Until We Meet Again


As summertime sweeps across Kosovo, with it has come the season of holidays and festivals! Some people flock to the Albanian coast or the mountains of Montenegro for a much-needed vacation, while others find themselves drawn to one of the many festivals happening in Pristina this time of year. Maybe you will happen upon the gastronomy festival downtown or the repainting of all the murals along Rruga B, or perhaps you fancy a trip to Prizren for the international film festival Dokufest. One of the biggest festivals is the Sunny Hill Festival happening this weekend, a big music fest created by Kosovo’s own Dua Lipa.

This week I thoroughly enjoyed going to Bienalja--an art festival hosted in a new and somewhat unexpected location across Europe every other year--with Edona as my guide. Named Manifesta 14 to celebrate its fourteenth running, Bienalja was spread around 24 locations across Pristina. One of the most notable installations was the multi-floor themed exhibition at The Grand Hotel, which is located in the heart of Pristina and was considered one of the best hotels in the region during its glory days in the 1980s. The first several floors of the exhibition--as well as The Grand Hotel itself--were like a time capsule of the 1980s-1990s. Edona told me about the traditional Albanian furnishings you would find in most homes and reminisced over the colorful carpets and tiles that looked and smelled like her parents’ office buildings. We even got to stand in the room where the former President of Yugoslavia, Josip Broz Tito, stayed at The Grand Hotel. Seeing a glimpse of that era, and hearing stories from a Kosovar Albanian who lived it, was a truly special experience.

Now that the campaign against domestic violence has come to an end, CLARD is looking forward and beginning to brainstorm potential next projects. One idea is a continuation of CLARD’s work combating domestic violence, but this time focusing on training lawyers across the municipalities to better handle and do justice in domestic violence cases. There would be an added emphasis on training female lawyers in this area in an effort to provide better trauma-informed legal care as many survivors of domestic violence can be sensitive to sharing their experiences with male officials. Domestic violence cases can also be challenging to handle well because they often involve spinoff issues such as divorce and child custody proceedings. This means the process can get drawn out longer and longer, which ends up being very costly. Thus, placing another emphasis on taking these cases pro bono will benefit both the plaintiffs and the legal system as a whole, which currently lacks effective pro bono work.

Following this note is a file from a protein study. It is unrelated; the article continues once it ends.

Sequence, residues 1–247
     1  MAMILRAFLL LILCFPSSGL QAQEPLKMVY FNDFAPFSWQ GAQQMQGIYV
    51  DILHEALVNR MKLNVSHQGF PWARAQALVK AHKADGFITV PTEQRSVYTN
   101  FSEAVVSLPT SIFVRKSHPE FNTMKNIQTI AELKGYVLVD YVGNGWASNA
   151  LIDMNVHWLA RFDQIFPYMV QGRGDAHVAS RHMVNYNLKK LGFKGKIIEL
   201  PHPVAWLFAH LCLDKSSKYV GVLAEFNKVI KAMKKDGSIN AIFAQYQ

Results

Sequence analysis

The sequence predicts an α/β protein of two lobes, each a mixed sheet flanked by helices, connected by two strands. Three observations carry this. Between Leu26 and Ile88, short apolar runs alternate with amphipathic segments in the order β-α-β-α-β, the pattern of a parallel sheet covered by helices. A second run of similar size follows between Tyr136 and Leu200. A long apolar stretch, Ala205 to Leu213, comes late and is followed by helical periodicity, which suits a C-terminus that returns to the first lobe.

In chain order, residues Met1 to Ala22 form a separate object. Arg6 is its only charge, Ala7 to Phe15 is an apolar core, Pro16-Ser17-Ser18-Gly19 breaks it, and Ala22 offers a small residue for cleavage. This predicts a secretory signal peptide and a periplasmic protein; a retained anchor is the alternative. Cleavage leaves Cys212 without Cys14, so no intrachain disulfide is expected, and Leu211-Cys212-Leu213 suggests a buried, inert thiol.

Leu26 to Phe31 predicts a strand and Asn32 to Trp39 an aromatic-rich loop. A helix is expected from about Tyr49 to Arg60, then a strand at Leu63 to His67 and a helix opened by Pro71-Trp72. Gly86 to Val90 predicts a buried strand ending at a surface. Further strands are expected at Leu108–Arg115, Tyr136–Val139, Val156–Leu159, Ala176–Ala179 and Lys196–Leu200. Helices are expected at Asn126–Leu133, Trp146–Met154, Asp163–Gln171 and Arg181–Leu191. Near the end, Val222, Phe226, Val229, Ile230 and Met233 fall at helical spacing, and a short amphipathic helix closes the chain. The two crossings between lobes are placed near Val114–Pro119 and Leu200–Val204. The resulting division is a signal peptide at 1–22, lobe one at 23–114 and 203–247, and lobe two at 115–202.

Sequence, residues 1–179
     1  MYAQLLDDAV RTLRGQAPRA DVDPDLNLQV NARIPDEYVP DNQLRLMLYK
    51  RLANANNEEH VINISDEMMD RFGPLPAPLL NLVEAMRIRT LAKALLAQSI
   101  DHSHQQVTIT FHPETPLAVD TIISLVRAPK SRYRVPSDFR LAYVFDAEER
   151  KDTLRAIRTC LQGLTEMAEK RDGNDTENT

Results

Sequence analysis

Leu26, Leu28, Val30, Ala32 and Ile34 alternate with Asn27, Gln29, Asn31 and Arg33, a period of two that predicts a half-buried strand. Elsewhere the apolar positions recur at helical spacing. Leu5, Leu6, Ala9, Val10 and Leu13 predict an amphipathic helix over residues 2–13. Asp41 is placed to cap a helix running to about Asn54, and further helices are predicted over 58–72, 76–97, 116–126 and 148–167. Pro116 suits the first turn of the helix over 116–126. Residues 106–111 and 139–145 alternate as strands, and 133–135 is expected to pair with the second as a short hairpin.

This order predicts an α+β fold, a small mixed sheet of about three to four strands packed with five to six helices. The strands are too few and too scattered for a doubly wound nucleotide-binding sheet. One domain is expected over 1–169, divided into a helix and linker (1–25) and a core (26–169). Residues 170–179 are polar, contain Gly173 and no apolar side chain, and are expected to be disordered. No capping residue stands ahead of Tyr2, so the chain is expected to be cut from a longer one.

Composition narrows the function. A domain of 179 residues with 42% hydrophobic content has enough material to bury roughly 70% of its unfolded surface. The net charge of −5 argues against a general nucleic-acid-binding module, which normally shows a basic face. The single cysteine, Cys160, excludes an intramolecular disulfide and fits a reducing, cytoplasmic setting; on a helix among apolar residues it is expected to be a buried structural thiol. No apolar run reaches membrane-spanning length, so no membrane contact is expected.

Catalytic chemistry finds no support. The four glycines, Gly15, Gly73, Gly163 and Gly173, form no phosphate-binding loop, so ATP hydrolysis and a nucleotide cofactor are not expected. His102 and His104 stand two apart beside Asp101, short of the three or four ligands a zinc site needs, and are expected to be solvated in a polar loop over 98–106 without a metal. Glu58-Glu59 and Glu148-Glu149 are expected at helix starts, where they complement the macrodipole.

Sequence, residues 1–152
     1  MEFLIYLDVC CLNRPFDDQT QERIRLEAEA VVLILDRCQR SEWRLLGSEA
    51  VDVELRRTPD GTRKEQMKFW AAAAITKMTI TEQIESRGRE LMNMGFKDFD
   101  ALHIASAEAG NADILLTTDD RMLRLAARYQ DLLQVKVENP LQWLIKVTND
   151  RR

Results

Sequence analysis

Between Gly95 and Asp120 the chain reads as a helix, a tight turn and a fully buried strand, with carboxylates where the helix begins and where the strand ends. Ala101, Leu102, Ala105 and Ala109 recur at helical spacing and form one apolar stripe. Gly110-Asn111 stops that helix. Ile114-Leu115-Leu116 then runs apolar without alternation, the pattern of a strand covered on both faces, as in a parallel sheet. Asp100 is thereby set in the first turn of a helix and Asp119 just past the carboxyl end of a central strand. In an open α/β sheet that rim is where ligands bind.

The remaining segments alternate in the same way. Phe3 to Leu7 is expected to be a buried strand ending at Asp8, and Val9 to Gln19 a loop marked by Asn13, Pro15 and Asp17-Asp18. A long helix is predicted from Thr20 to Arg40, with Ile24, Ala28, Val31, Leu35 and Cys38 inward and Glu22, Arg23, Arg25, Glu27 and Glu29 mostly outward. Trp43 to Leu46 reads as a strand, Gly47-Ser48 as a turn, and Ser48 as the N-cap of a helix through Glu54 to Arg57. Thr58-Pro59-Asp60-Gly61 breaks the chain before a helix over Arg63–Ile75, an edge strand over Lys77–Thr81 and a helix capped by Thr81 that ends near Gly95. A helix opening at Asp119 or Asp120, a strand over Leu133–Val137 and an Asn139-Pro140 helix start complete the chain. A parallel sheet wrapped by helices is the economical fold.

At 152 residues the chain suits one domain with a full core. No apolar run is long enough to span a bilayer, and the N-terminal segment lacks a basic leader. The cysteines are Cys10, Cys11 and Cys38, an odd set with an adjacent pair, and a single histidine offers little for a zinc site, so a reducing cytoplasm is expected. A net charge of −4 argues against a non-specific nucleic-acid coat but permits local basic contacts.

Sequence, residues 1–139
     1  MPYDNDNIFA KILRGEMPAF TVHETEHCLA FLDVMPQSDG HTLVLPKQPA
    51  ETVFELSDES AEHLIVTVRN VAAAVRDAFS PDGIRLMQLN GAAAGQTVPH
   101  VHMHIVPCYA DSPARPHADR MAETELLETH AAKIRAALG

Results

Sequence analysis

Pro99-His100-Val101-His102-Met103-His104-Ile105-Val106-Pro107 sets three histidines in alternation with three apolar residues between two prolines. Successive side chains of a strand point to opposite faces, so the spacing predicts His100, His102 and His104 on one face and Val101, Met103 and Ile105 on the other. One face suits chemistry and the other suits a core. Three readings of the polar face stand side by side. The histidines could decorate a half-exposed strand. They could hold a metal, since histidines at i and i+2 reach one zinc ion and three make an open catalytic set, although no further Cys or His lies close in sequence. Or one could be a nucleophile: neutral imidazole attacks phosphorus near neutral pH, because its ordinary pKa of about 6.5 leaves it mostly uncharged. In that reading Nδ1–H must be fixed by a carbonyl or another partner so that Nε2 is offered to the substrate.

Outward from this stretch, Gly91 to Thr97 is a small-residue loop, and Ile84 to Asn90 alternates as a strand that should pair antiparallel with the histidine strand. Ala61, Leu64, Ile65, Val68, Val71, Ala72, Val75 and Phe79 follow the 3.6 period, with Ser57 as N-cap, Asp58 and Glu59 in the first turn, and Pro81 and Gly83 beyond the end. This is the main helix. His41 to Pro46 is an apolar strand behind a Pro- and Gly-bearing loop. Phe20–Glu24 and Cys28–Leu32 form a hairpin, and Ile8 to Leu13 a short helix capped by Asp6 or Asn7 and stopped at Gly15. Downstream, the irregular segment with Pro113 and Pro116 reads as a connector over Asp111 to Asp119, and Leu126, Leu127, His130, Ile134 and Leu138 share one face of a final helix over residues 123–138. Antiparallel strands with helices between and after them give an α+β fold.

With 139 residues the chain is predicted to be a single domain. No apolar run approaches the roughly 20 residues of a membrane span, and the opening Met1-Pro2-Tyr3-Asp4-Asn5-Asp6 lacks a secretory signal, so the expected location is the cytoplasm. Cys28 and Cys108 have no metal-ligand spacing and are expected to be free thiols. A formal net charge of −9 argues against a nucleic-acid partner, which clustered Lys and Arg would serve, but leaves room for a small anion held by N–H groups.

Another idea is fostering a sort of weekly dialogue between citizens and the presidents of the courts and wherein the judicial officials can share basic statistics about the number, type, and status of cases on that court’s docket. The idea is increased transparency into court proceedings, which in turn boosts accountability and public trust in the justice system. Both ideas have grown out of requests from the Ministry of Justice and concerns from the civil society, and it is promising to see the government’s growing openness to hearing from and working with the civil society. Pending approval from CLARD’s benefactors, I think both to be brilliant future projects, for specialized trainings and thorough transparency are touchstones of a well-functioning judiciary.

As this week winds sadly to a close, I have been reflecting on my time in Kosovo and all the invaluable experiences I have had with CLARD. I have learned more than I could ever have imagined from my colleagues who so generously shared their work and their lives with me, and I will always carry with me all that they taught me in law and in life. I cannot express the depth of my gratitude for it is an extreme honor to have been welcomed to the CLARD family this summer and an immense pleasure to have learned by its side. Anton and I agreed that we should not say goodbye, so to all my dear friends in Kosovo, until we meet again!

Well that is all, friends, I sincerely hope you will each get a chance to travel to Kosovo someday. Thank you for joining me each week, I wish you the best of luck on whatever your next adventure may be.

Lamtumirë! Gjithë të mirat!